• Tax payments that don’t match economic indicators – the ATO’s use of its benchmarks for various industries plays an important role here (and it plans to have published over 100 such benchmarks by June 30 this year, and covering sectors such as building and construction trades, retail and hospitality);
  • Big variations between tax performance and business performance, eg. a business disclosing large gross revenue, but very small profit;
  • Unrealistic market valuations for various assets – valuations for assets are needed for all sorts of reasons, not the least of which is to set a cost base of an asset for capital gains tax purposes;
  • Tax benefits that are greater than real expenditure;
  • Non-disclosure of capital gains – a large and ongoing issue for the ATO;
  • Lifestyles that don’t match after-tax income eg an individual acquiring expensive assets (like a car, holiday house, boat, etc) or even taking an extensive and expensive holiday, where the tax return shows only modest income;
  • Private assets treated as business assets; and
  • Tax outcomes that don’t match the intent of newer tax laws.

Where businesses have consistently made losses over a number of years, the ATO says it will seek explanations of those losses. It would simply question why an entity would remain in existence if it was perpetually making losses.

Benchmarks

As noted above, the ATO is continuing to expand its use of benchmarks to help it track tax compliance.

To this end, the ATO has been contacting businesses who it considers are running “well outside of the benchmarks” and seeking explanations for the variations.

While failure of a business to meet the benchmarks is not an automatic ticket to paying more tax and/or penalties, the ATO says that where it is not satisfied with the explanation a business offers, and in the absence of records and other evidence to back up the explanation, it will use the benchmarks to help calculate revised tax assessments. There is, therefore, a clear sting in the tail here.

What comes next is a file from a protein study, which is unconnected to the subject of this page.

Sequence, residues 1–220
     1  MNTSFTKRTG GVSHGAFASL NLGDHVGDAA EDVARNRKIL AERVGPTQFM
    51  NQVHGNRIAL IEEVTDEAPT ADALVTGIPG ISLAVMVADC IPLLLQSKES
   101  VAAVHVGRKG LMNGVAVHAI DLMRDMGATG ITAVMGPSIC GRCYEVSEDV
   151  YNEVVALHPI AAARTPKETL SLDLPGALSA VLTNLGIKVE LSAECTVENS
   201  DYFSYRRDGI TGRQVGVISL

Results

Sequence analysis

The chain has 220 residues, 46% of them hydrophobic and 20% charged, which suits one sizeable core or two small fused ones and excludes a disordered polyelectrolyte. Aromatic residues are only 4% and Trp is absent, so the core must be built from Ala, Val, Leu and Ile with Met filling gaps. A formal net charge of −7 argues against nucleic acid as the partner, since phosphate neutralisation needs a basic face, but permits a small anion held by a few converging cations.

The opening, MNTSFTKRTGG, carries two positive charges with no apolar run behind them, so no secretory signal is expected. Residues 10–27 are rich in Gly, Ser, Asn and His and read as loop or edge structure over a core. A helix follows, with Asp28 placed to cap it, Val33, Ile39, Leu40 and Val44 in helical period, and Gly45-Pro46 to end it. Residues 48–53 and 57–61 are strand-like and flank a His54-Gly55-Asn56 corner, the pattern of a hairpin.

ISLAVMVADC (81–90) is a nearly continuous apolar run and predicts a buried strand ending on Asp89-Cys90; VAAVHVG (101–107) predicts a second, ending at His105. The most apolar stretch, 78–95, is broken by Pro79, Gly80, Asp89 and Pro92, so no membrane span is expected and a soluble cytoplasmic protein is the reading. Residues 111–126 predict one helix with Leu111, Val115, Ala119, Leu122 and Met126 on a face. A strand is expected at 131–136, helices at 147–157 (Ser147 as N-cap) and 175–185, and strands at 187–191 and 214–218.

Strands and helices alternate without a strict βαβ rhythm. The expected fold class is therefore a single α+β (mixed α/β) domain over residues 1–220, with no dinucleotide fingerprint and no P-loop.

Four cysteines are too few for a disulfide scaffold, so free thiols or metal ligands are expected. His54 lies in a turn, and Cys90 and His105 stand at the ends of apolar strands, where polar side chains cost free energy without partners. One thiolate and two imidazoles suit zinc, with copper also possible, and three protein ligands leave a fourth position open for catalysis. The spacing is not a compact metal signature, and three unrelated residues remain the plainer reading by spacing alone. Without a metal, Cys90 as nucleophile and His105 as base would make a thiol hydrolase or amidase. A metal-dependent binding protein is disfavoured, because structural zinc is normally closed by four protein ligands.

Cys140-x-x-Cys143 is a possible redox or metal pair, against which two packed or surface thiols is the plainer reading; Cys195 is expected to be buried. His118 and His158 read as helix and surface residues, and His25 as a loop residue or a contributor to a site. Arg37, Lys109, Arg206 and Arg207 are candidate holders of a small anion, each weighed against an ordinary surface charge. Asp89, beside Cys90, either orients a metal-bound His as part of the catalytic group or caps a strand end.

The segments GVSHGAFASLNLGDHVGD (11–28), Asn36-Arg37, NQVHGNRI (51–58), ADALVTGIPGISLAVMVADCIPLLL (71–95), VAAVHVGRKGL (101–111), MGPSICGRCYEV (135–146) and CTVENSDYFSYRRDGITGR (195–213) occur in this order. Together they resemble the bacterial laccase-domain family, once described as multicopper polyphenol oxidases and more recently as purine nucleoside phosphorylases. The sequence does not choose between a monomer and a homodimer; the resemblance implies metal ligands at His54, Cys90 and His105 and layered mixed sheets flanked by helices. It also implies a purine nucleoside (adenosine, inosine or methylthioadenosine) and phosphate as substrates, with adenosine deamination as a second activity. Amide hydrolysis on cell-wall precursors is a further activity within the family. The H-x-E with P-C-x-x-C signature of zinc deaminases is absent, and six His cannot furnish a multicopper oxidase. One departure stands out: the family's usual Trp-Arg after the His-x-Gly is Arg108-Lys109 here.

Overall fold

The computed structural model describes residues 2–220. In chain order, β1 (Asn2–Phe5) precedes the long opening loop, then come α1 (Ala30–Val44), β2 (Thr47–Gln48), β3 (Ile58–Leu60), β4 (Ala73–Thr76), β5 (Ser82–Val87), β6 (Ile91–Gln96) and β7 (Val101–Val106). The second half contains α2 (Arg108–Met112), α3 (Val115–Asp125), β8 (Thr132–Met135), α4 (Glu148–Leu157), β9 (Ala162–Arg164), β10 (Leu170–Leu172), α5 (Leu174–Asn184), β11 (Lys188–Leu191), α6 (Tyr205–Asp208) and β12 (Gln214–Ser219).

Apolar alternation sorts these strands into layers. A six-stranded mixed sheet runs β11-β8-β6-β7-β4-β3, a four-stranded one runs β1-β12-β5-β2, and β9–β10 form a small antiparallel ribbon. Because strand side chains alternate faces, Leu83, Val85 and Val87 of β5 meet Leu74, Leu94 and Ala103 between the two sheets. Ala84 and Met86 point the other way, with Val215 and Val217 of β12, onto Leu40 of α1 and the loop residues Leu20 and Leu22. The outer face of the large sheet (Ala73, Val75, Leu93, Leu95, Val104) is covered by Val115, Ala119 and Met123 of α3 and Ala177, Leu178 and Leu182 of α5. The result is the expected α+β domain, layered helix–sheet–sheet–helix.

Similarly, businesses who do not respond to ATO requests to lodge tax returns may have default assessments raised using the benchmarks and any other relevant information available to the ATO.

Data-matching expands (again)

The use by the ATO of data-matching is also becoming increasingly sophisticated and SMEs need to be aware of this. The ATO’s data matching program complements its benchmarks and now includes bank data identifying credit card and EFTPOS transactions for around 220,000 merchants, significant sales through online auction houses, AUSTRAC data, motor vehicle purchases and property purchases. Soon, the ATO expects to have information that highlights the income and expenditure of the majority of businesses that could participate in the cash economy.

Running a small business is tough. The laws provide for tax to be paid in the appropriate circumstances. Tax issues shouldn’t rule a business, but don’t ignore them either.

 

Terry HayesTerry Hayes is the senior tax writer at Thomson Reuters, a leading Australian provider of tax, accounting and legal information solutions.

For more Terry Hayes features, click here